The patient received chemotherapy and local radiotherapy as a result of aggressive tumor behavior. The treatment consisted of 4 cycles of cyclophosphamide, hydroxydaunomycin, vincristine, prednisone, and rituximab, followed by radiotherapy. The remaining chemotherapy cycles were given at the end of radiotherapy. After completing treatment for lymphoma, adjuvant chemotherapy with 5-fluorouracil, leucovorin, and oxaplatin (FOLFOX) for CRC was also administered. Following aggressive medical and surgical management, the patient survived 30 months after diagnosis.

Figure 3. Immunostaining showing a section of the neoplastic lymphoid cells, which show membranous staining with CD20, consistent with a B-cell lymphoma.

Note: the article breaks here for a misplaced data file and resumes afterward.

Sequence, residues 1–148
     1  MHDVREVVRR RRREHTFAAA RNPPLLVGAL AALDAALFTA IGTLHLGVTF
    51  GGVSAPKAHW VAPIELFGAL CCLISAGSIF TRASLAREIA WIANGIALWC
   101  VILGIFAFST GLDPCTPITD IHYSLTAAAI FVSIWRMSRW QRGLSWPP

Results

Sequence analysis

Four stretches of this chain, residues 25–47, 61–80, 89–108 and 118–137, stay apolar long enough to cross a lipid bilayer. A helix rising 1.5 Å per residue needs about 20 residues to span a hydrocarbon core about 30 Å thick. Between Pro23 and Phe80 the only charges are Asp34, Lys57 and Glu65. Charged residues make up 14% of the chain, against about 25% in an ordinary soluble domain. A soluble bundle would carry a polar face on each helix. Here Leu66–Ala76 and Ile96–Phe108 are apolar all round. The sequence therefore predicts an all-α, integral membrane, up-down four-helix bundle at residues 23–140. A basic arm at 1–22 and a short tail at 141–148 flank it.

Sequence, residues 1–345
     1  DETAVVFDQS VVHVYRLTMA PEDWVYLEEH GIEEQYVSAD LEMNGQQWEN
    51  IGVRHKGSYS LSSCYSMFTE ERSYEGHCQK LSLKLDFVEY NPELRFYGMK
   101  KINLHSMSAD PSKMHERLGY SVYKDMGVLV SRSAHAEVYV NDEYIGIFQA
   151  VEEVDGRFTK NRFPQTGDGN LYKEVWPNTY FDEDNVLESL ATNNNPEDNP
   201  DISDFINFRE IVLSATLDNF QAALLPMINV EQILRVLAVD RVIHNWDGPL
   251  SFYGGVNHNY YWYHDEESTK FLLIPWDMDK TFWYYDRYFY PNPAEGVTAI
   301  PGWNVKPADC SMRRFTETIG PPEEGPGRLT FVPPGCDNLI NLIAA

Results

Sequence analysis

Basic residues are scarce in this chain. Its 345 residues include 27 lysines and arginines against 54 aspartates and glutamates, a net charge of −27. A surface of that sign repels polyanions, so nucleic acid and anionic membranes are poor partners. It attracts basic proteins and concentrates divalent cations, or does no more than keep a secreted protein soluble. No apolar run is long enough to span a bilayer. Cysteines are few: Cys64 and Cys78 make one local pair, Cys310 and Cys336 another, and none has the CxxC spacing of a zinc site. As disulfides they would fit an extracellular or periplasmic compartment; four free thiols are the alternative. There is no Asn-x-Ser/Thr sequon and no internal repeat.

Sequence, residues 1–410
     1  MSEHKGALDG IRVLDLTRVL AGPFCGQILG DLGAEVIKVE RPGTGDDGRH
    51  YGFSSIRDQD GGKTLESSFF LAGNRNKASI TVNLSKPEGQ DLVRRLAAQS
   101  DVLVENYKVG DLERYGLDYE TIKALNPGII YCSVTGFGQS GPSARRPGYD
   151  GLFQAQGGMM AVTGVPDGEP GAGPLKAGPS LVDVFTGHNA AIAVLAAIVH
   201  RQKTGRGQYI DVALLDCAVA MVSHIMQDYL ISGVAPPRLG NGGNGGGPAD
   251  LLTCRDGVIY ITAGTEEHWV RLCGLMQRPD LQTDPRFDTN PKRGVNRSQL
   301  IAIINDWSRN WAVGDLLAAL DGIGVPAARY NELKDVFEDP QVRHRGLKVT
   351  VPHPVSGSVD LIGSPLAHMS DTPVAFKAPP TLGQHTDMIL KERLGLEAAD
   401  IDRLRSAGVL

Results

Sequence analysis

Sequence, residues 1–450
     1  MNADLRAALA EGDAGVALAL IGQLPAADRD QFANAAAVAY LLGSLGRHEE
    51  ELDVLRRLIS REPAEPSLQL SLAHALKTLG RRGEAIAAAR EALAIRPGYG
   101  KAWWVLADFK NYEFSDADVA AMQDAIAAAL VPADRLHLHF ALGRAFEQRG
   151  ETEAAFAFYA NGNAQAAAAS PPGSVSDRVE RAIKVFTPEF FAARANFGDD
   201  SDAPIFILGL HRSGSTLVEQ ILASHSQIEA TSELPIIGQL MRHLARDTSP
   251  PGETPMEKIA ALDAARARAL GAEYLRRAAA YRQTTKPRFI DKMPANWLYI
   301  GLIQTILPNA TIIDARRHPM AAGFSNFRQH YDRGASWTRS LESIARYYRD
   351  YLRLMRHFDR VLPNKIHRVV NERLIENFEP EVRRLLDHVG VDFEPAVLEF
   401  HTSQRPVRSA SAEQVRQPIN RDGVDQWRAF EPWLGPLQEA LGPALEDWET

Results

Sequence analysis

Colliding lesions of colonic lymphoma and CRC are rare. Adenocarcinoma is the most common colonic malignancy but only presents with synchronous or metachronous tumors in 5% of cases.5,6 In contrast, colorectal lymphoma is extremely infrequent, representing <0.5% of all primary CRC.4 The clinical presentation of collision tumors is not specific and depends primarily on the affected organ. Our patient presented with symptomatic anemia without evidence of bleeding, which led us to perform a diagnostic colonoscopy.

The evolution of collision tumors is intriguing in terms of carcinogenesis of malignant lymphoma and progression to carcinoma.5 One hypothesis suggests that tumors arise in continuity through an accidental event and that the presence of one tumor precipitates the adjacent tumor by altering the microenvironment.4,6 A lymphomatous process may be the initial event, compromising the patient’s immune system.4 Nonetheless, there is no evidence that immunodeficiency induces activation of oncogenes or inactivation of tumor-suppressor genes.5 In our case, ulcerative colitis could have been the precipitating factor that led to dysplastic changes evolving into malignancy.